It all started in 2009 when Adamantios Kafetzis travelled from Greece to Senegal with a brand new tape machine that he used to digitise the musical treasures he had discovered in the city of Thiés. These treasures took the form of reel tapes, and had been recorded by sound engineer Moussa Diallo, who had spent the previous four decades immortalising, onto magnetic tape, the bands that would perform in his club, the legendary Sangomar.
300 Senegalese songs that nobody had ever heard before were discovered - five of them were selected for this compilation.
Thanks to its history of outside influences, Senegal – the western point of Africa - had become a musical melting pot.
Cuban and American sailors had brought Son Montuno from Cuba, Jazz from New Orleans and American soul tunes: sounds that were swiftly embraced and adopted by urban dance bands and intuitively merged with local music styles.
One band in particular excelled at this fusion. 1960 marks the formation of Star Band de Dakar, a milestone that left an
indelible imprint on Dakar’s musical landscape. Indeed, the whole country was soon grooving to their intoxicating mixture of Afro Cuban rhythms and Wolof-language lyrics.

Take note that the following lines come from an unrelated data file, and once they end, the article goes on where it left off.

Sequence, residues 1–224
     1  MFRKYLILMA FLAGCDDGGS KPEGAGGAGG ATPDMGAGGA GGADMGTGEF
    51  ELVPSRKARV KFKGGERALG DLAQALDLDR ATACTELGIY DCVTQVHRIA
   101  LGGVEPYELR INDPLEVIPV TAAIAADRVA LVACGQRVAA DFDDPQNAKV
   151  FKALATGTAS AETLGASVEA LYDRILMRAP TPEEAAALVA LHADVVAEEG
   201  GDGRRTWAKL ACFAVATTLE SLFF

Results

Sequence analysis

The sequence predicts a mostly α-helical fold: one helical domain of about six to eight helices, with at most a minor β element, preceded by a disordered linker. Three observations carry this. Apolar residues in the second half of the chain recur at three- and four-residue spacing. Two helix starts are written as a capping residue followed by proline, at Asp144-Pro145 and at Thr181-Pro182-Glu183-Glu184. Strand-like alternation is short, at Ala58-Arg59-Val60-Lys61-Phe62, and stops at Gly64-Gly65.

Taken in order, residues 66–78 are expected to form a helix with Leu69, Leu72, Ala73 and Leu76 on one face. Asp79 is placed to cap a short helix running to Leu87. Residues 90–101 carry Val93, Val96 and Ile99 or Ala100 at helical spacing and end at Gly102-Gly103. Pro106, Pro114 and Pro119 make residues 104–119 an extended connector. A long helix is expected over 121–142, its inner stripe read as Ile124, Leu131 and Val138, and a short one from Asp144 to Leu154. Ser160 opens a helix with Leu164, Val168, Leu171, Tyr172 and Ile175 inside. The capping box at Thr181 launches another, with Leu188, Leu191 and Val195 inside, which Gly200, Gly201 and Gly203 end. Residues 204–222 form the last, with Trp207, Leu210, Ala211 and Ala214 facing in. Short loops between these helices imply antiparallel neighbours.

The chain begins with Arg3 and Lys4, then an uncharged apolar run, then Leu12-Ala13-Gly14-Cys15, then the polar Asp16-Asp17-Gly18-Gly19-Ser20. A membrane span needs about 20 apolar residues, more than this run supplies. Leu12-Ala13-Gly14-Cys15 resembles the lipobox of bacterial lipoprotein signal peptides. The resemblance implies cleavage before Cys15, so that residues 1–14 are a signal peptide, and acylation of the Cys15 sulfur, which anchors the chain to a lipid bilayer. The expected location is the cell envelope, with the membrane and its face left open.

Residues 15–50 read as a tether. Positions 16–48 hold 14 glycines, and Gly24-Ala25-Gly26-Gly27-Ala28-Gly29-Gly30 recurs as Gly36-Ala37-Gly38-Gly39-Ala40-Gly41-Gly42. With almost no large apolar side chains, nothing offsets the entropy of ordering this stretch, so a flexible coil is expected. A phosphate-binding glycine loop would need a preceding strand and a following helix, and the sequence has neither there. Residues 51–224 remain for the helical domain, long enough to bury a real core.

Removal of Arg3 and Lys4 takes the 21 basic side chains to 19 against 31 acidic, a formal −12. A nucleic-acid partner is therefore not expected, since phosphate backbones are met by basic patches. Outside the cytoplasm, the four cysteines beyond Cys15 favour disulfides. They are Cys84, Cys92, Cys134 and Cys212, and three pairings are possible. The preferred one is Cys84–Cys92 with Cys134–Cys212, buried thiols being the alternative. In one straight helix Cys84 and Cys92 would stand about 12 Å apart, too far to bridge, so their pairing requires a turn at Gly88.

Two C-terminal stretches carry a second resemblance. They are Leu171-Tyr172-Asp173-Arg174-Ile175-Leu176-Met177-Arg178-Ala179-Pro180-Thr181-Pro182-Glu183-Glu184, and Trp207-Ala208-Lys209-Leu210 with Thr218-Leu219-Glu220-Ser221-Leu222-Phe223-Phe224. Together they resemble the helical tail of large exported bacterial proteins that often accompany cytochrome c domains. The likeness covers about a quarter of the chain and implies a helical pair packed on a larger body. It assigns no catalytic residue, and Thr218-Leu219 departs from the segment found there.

The 1970s brought a new generation of stellar bands,
Le Sahel, Orchestre Laye Thiam, Number One de Dakar, Orchestra Baobab, Dieuf Dieul de Thies and Xalam1 who fused traditional Senegalese percussion instruments such Sabra, Tama and Bougarabou with organs and keyboards, giving birth to new hybrids. Merging the folkloric and the experimental, these sounds, embraced by the youth, took centre stage and gave the previously dominant Cuban music a run for its money.
With this burst of musical and artistic creativity, driven predominantly by the modern vision of President Senghor, Dakar
began attracting international stars. The Jackson Five, James Brown, Tabou Combo (Haiti), Celia Cruz (Cuba) and an array of African stars like Tabu Ley Rochereau (Congo), Manu Dibango (Cameroon) and Bembeya Jazz (Guinée) joined in with the local scene, improvising jam sessions and bringing new flavours to a music scene that was always open to new inspirations and influences. Johnny Pacheco immortalised his passion for the city with a song called “Dakar, Punto Final”.
The comprehensive booklet that comes with the CD - 44 pages and with the Double LP - 12 pages LP size - is a precious
document attesting to the decades of transformation that led to modern Senegalese music. Featuring biographies of music producers and a legendary record cover designer, as well as the life stories of all the groups represented here, the booklet also includes a fantastic selection of photos that have never seen before.
(added: 2016-03-15 10:16:30 )